1/4 cup margarine

1/3 cup shortening

1 tablespoon granulated sugar

½ teaspoon baking powder

1 teaspoon salt

1 tablespoon nonfat dry milk

1½ cups pastry flour

1½ cups bread flour

½ cup plus 1 tablespoon cold water

Preheat oven to 375 degrees.

In a mixer, cream together butter, lard, margarine and shortening. In a separate bowl, whisk together sugar, baking powder, salt and dry milk powder; add to creamed butter mixture and mix briefly. Add pastry flour and beat until blended. Add bread flour and mix slightly. Pour in water and beat again just until water is blended.

Divide dough into two or three balls. Roll out each ball on a floured board. Line pie pan with dough and cut off excess dough. Flute edges.

For recipes that call for baked pie crusts, prick holes in bottom with fork. Bake empty pie shell at 375 degrees for 12 to 15 minutes, or until light golden brown. Otherwise, fill unbaked pie shell and bake according to recipe. Makes two to three 9-inch pie shells.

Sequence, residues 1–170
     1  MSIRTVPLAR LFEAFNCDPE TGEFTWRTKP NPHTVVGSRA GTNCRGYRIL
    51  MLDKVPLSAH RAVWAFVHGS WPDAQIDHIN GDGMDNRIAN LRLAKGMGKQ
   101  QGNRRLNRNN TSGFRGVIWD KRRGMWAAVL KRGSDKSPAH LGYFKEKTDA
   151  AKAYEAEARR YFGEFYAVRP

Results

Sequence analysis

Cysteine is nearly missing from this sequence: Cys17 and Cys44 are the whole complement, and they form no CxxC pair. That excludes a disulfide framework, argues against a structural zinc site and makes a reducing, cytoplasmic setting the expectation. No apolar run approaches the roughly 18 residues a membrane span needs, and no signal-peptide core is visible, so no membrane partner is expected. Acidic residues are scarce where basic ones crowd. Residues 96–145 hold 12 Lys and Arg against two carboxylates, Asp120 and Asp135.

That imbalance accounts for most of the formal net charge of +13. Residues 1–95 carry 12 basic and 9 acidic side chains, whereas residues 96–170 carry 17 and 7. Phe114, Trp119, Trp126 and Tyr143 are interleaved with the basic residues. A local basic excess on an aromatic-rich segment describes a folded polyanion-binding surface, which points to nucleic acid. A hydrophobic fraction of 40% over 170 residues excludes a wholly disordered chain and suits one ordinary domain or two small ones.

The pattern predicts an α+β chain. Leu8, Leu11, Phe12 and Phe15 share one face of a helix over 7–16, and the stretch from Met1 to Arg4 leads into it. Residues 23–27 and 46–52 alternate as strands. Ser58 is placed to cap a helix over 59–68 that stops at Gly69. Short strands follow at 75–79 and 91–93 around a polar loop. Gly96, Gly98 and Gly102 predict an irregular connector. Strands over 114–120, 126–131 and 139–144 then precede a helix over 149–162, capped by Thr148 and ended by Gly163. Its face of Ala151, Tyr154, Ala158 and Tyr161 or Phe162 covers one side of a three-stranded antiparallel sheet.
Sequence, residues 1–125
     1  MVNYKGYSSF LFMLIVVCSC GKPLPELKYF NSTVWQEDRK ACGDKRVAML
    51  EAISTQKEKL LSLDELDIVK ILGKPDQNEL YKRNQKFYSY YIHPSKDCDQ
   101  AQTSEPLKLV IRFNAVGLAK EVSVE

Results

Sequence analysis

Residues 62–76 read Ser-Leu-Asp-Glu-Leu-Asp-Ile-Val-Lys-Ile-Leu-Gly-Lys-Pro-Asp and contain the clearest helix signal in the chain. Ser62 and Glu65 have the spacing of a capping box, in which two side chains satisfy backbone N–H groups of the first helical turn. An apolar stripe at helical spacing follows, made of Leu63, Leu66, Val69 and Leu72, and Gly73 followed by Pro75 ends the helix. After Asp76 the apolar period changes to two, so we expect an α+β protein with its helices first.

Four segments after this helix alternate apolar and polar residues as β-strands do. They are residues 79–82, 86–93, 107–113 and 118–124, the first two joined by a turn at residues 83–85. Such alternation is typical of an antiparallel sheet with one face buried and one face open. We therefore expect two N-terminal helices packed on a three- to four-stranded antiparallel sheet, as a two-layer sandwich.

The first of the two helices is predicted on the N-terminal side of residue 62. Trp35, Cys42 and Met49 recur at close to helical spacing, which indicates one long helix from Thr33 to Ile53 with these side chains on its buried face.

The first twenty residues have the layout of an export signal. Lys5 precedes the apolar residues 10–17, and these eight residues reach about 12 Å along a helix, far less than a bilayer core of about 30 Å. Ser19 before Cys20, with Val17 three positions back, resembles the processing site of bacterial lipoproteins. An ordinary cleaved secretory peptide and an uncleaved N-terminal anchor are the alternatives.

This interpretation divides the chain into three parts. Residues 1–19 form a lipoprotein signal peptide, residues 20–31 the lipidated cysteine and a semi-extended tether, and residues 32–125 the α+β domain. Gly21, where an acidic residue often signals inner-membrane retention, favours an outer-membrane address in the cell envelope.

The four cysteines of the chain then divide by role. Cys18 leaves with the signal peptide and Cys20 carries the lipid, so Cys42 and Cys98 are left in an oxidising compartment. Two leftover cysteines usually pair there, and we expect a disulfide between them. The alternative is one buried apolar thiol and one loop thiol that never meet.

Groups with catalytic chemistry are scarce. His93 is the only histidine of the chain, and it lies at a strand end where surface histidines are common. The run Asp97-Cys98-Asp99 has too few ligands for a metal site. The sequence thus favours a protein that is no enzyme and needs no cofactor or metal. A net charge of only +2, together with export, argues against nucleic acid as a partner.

Note: You may substitute 3 cups all-purpose flour for the pastry and bread flour called for in the recipe. Additionally, this dough may also be made by hand-cutting the fats into the dry ingredients.

— "Lion House Pies"




3 cups flour

½ teaspoon salt

1 cup shortening

¼ cup margarine or butter

½ cup buttermilk

1 tablespoon oil

Place flour and salt in a medium bowl; stir with a fork. Add shortening and margarine, and cut together with a pastry blender, fingers,or two knives, until mixture resembles the size of small peas.

Add buttermilk and oil and blend together with a fork or your hands until all the flour is moist.

This will make three or four crusts, depending on how thick your like your crust. If the recipe calls for a baked pie shell, bake at 375 degrees for 15-18 minutes.